Provide Equity, Not Debt

Marti Subrahmanyam
By Marti Subrahmanyam and Anisha Sharma
Covid-19 has taken an extraordinary toll on businesses around the world. In India, business confidence is at its lowest since the 2009 financial crisis: 72 per cent of firms have reported adverse effects on operations, 90 per cent are facing supply chain disruptions and 53 per cent anticipate a decline in sales over the next two quarters. Industrial output in key sectors could fall by up to 15 per cent and GDP growth by 10-20 per cent during the April-June 2020 quarter, with ripple effects continuing for an uncertain period of time.

The government's immediate policy priority was, rightly, to support low-income households through cash and in-kind transfers worth Rs 1.7 lakh crore, or 0.8 per cent of GDP. This is well below the fiscal packages committed by other national governments, though the amounts are bound to increase in the coming weeks. Support to businesses has been extended through monetary and macro-financial policy - the RBI has directly injected Rs 2 lakh crore through refinancing operations, given firms a three-month moratorium on loan payments and reduced interest rates across the board.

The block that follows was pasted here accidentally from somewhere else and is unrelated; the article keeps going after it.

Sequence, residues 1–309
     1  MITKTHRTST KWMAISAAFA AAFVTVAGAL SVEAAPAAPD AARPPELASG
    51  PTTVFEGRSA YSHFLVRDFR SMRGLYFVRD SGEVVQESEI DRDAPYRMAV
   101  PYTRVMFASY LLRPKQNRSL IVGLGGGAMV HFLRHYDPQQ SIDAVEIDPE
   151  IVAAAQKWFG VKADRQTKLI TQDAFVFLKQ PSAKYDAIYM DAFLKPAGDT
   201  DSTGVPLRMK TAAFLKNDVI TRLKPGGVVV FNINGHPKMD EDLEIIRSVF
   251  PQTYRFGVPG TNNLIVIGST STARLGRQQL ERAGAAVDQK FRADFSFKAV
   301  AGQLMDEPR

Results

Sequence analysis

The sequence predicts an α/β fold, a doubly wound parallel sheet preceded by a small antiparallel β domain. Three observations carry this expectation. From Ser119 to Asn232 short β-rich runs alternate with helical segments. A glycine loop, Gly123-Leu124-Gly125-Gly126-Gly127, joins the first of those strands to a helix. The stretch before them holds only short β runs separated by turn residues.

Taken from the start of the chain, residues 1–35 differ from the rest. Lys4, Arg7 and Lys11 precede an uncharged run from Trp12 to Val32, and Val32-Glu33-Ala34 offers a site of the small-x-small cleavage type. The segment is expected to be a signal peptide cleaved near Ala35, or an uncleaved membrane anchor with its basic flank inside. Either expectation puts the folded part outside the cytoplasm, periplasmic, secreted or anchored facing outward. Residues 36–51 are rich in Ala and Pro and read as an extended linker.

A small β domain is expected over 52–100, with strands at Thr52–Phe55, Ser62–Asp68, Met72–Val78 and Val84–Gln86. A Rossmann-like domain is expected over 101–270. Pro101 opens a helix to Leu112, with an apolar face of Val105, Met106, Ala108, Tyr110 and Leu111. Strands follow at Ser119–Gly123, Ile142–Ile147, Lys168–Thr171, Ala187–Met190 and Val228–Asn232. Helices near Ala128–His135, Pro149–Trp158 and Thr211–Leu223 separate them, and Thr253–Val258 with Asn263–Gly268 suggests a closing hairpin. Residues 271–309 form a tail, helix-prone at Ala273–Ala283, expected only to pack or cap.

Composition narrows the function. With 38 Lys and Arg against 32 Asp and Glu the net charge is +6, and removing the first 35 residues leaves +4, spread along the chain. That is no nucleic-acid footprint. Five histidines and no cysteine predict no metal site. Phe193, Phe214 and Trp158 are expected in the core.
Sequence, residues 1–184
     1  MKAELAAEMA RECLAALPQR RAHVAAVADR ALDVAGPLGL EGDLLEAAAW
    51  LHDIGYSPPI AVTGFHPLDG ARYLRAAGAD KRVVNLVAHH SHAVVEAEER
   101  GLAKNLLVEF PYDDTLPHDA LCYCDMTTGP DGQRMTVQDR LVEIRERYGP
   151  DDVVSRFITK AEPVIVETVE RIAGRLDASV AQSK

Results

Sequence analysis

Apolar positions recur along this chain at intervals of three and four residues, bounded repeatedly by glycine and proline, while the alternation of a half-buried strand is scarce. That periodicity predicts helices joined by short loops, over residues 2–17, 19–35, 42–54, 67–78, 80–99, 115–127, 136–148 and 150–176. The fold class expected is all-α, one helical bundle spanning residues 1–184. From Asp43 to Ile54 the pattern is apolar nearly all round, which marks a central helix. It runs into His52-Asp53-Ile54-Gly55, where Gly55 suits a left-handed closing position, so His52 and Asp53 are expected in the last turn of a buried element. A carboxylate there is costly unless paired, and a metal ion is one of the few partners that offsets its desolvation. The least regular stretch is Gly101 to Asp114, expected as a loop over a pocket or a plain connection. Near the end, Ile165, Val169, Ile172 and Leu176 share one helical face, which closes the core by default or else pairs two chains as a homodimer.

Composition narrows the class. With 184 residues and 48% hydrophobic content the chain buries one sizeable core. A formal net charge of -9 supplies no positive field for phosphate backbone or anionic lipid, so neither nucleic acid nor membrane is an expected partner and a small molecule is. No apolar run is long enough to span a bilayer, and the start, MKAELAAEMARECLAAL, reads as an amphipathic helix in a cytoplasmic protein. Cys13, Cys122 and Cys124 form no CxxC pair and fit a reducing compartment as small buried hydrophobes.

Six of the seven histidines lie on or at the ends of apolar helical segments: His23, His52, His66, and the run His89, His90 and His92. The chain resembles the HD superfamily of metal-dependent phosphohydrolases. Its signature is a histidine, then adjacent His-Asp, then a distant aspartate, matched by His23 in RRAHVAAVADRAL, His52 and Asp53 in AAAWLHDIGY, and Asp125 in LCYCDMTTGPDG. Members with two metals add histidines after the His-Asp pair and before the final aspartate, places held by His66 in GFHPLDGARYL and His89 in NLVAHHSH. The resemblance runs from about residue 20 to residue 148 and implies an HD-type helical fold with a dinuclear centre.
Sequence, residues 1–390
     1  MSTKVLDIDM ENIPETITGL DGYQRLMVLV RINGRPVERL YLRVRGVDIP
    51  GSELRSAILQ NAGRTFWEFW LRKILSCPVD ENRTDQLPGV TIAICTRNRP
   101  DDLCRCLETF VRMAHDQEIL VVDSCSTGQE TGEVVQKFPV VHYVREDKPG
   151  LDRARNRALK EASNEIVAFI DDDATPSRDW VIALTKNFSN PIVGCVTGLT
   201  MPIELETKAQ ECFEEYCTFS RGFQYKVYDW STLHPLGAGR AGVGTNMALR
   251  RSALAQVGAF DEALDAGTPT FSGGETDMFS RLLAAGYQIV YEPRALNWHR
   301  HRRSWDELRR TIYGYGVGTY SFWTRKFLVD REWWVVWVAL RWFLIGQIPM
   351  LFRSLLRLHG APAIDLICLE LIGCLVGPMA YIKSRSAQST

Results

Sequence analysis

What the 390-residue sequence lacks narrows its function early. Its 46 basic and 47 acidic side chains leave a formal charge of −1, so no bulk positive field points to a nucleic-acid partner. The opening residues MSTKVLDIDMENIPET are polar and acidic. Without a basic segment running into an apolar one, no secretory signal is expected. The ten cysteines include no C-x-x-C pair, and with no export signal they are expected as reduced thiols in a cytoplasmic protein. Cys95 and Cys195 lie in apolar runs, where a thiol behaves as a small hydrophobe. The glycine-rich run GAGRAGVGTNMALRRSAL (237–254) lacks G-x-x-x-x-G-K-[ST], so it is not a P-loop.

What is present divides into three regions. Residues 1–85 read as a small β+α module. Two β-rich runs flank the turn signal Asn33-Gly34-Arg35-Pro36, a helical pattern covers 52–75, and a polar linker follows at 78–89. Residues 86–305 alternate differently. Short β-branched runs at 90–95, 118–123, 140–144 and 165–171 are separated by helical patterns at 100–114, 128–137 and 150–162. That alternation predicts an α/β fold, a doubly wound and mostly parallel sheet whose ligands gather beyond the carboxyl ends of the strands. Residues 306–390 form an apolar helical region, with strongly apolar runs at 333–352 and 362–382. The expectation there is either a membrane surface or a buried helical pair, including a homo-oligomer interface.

However, as one of us recently proposed in the context of Europe and Singapore, rather than offering debt financing, businesses can be better supported through the direct injection of 'quasi-equity' finance by the government. The government should offer to make direct investments in businesses by taking a 'minority stake', which will be recovered through higher taxes on profits over a number of years. By making payments conditional on profitability, rather than saddling firms with repayable debt, equity finance will be more sustainable in the long term.

Read the full Business Today article.

Marti Subrahmanyam is the Charles E. Merrill Professor of Finance, Economics and International Business